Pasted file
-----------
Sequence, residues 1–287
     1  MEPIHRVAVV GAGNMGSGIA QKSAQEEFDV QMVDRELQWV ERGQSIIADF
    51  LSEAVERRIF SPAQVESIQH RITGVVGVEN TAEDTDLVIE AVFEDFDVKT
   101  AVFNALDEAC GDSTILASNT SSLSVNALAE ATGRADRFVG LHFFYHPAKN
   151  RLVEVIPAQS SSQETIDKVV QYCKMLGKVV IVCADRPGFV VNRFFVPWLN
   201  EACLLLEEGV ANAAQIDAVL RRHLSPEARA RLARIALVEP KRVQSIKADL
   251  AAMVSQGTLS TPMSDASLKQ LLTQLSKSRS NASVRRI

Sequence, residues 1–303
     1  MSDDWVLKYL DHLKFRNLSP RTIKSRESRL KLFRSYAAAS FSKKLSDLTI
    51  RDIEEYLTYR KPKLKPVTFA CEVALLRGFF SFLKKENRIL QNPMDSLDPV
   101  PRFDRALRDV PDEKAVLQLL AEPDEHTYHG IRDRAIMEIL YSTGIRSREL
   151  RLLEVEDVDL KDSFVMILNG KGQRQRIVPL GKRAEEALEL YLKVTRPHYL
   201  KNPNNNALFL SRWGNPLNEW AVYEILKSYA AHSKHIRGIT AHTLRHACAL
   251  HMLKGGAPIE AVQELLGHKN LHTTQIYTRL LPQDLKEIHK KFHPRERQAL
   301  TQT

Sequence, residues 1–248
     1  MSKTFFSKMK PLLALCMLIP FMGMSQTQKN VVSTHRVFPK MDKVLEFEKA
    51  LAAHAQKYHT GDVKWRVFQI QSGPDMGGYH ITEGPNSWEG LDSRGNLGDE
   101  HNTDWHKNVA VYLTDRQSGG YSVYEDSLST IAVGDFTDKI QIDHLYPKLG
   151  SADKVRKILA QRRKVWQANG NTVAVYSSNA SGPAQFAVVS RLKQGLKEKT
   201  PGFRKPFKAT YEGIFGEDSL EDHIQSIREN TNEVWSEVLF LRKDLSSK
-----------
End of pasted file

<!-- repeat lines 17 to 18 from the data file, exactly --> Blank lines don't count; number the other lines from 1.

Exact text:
     1  MSKTFFSKMK PLLALCMLIP FMGMSQTQKN VVSTHRVFPK MDKVLEFEKA
    51  LAAHAQKYHT GDVKWRVFQI QSGPDMGGYH ITEGPNSWEG LDSRGNLGDE